UM12C[22] (GE[23]) General Electric 4001-4050[22][23][24] 1963 (4001-4040)[22][24]
1966 (4041-4050)[22][24]
50[22][23][24] 1,320 hp (0.98 MW)[22]
(660 hp (0.49 MW)x2)
103[23] Refurbished around 2010-2011.
AD24C[25] (ALS[23]) Alsthom[25] 4101-4154[23][25] 1974–1975[25] 54[25] 2,400 hp (1.79 MW)[25] 90[23][25] First batch of AD24C locomotives. Some refurbished with new MTU 16V4000R41R[26] or Caterpillar diesel engines.
AD24C[25] (AHK[23]) Alsthom,[25] Henschel[25] and Krupp[25] 4201-4230[23][25] 1980[25] 30[25] 2,400 hp (1.79 MW)[25] 100[23][25] Second batch of AD24C, built under license by Henschel and Krupp. Some refurbished with new MTU 16V4000R41R [26] or Caterpillar diesel engines.
AD24C[25] (ALD[23]) Alsthom[25] 4301-4309[23][25] 1983[25] 9[25] 2,400 hp (1.79 MW) 100[23][25] Third batch of AD24C. Some refurbished with Caterpillar diesel engines.
AD24C[25] (ADD[23]) Alsthom[25] 4401-4420[23][25] 1985[25] 20[25] 2,400 hp (1.79 MW)[25] 100[23][25] Fourth and last batch of AD24C. Some refurbished with new MTU 16V4000R41R[26] or Caterpillar diesel engines.
8FA-36C (HID[23]) Hitachi 4501-4522[23] 1993 22 2,860 hp (2.13 MW)
(1,430 hp (1.07 MW)x2)
100[23] First batch of Main Line Locomotive Program, used MAN B&W Diesel engines in the short-term , then replaced by Cummins KTTA-50L engine, later modified to KTA-50L
CM22-7i[22] (GEA[23]) General Electric 4523-4560[22][23] 1995–1996[22] 38[22] 2,500 hp (1.86 MW)[22]
(1,250 hp (0.93 MW)x2)
100[23] Second batch of Main Line Locomotive Program, used Cummins KTA-50L[22] engine. Some locomotives air-conditioned.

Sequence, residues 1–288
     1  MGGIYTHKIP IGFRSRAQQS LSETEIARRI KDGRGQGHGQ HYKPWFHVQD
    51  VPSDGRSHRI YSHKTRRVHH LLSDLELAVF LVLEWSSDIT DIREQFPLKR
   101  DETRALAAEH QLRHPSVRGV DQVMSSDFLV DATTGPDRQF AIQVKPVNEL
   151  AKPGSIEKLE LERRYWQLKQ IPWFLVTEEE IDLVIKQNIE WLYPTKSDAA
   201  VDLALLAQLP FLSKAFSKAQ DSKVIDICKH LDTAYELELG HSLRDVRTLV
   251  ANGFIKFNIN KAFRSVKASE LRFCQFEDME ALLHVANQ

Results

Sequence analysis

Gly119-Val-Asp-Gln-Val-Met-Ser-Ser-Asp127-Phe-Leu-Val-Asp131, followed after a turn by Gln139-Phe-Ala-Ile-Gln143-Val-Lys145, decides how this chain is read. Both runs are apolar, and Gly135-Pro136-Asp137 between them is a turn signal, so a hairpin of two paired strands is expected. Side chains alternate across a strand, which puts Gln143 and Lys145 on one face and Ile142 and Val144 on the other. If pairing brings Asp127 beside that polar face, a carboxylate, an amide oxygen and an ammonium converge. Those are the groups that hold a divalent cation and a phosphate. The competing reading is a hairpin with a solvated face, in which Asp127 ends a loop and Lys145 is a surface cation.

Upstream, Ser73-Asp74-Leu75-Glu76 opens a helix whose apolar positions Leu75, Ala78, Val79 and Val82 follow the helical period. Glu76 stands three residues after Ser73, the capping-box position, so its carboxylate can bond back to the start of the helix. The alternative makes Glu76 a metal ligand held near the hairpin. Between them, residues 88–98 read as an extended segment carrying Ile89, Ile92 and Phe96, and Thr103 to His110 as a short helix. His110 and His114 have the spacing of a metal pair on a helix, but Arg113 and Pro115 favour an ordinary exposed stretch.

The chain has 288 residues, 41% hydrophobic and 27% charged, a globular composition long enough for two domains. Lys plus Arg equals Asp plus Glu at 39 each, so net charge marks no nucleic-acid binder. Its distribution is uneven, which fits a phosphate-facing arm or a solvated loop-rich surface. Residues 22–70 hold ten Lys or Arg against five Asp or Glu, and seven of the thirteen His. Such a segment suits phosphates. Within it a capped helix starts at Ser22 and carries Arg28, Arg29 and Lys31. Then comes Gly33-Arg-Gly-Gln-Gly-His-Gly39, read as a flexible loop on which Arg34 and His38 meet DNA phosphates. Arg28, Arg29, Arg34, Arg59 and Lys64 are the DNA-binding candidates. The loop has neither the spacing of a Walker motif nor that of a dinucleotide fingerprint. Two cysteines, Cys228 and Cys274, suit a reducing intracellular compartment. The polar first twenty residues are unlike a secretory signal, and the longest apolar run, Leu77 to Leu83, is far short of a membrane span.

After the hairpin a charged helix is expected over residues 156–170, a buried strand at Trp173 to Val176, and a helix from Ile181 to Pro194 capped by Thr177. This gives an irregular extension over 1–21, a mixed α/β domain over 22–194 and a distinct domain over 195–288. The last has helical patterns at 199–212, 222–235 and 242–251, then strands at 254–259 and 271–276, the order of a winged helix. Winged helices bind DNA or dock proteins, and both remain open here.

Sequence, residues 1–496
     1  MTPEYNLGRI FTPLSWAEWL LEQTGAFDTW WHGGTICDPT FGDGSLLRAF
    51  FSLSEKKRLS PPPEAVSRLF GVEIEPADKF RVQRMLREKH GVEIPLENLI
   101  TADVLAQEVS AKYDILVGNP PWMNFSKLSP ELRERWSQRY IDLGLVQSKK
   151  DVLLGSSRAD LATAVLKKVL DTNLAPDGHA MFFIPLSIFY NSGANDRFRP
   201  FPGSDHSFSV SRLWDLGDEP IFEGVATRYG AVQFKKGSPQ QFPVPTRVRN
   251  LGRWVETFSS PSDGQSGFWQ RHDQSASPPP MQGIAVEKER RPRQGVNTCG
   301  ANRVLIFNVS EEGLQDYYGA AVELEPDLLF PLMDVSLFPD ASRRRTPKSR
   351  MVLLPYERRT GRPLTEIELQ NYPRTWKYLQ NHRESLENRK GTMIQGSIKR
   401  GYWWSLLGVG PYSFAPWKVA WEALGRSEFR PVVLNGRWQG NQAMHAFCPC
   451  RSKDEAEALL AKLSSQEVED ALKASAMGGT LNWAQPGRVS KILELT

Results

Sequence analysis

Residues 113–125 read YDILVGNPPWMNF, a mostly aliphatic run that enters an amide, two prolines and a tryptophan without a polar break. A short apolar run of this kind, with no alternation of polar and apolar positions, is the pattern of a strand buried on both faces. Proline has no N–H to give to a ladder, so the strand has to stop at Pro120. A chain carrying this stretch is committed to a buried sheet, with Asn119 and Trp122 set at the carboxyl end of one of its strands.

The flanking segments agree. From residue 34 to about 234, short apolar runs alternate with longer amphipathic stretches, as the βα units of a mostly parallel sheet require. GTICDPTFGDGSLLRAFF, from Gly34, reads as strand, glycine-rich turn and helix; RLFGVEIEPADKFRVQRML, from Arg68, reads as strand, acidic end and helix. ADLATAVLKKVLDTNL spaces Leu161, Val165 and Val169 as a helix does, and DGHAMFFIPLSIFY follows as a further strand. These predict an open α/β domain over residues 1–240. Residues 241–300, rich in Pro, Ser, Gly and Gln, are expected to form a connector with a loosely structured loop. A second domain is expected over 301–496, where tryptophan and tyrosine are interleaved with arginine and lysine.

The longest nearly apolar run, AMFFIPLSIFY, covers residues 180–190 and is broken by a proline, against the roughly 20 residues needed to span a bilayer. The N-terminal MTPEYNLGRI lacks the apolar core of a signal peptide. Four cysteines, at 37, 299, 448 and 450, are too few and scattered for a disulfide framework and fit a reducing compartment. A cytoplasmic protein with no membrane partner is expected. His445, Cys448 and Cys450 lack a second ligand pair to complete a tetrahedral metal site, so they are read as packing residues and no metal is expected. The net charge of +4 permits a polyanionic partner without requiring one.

CSR SDA3 CSR Qishuyan 5101-5120[27] 2013–2015[28][29] 20[28] 3,190 hp (2.38 MW)[28] 120 But limited 100[28] 5101-5110 In Active

5111-5120 Under testing. Use Caterpillar C175-16 ACERT engines[28]

Diesel hydraulic locomotives

Type Manufacturer Numbers Year built Quantity built Power (horsepower) Max speed (km/h) Image Note
DH1200BB Henschel[23] 3001-3027[23] 1964 27 1200[23] 90[23] All locomotives except #3015 and 3013 are retired. #3026 preserved. Some sold to Italian-Thai construction and rebuilt by Vossloh, remainder scrapped.
M1500BB Krupp[23] & Krauss-Maffei 3101-3130[23] 1969 30 1500[23] 90[23] 3118 Inactive 3114 [tel:3121 3113 3114 3121 3113 3114 3121] have been placed into storage. Remainder sold or retired.

Diesel multiple units

Type Manufacturer Numbers Year built Quantity built Power (horsepower) Max speed (km/h) Image Note
RHN Hitachi 1011-1048 (power cars)
(trailer cars)
1967 38+38 220 90 Now used as a Northeastern line commuter train. Some installed Nathan K3LA horn.
RTS Tokyu D9-D16
(power cars)
(center/trailer cars)
1971 8+4 220 70 Ex-Mahachai railways, to be refurbished. Similar bodyshell of THN and NKF but with different formation (power car-2 trailer cars).
THN Tokyu, Hitachi and Nippon Sharyo 1101–1140 1983 40 235 105 Similar to NKF. Some installed Nathan K3LA horn.
NKF Nippon Sharyo, Hitachi, Fuji Heavy Industries,Kawasaki Heavy Industries, Niigata Tekkousho, and Kinki Sharyo 1201–1264, (center) 2101-2112 1985 64+12 235 105 Similar to THN, but with plastic chairs. Some installed Nathan K3LA horn.
British Rail Engineering Limited, Derby Works 2501–2512, (center) 2113-2120 1991 12+8 285 160 km/h but Ministry of transport limited the top speed to 120 km/h. Metre gauge version of British Rail Class 158, with different gangways and couplers, and with inward-opening slam doors instead of plug doors. 3-car set until 2011, when all were refurbished with new seats, vinyl floors, an extra coach, plug doors and new livery. Some installed Nathan K3LA horn.
APD .20 Daewoo Heavy Industries 2513-2524 (center) 2121-2128 1995 10+8 298 120 First batch, narrow body. All units installed Nathan K3LA horn.
APD .60 Daewoo Heavy Industries 2525-2544 1996 20+40 298 120 Second batch, wide body. All units installed Nathan K3LA horn.

Former types

Diesel hydraulic locomotives

Type Manufacturer Numbers Year built Quantity built Power (horsepower) Max speed (km/h) Image Note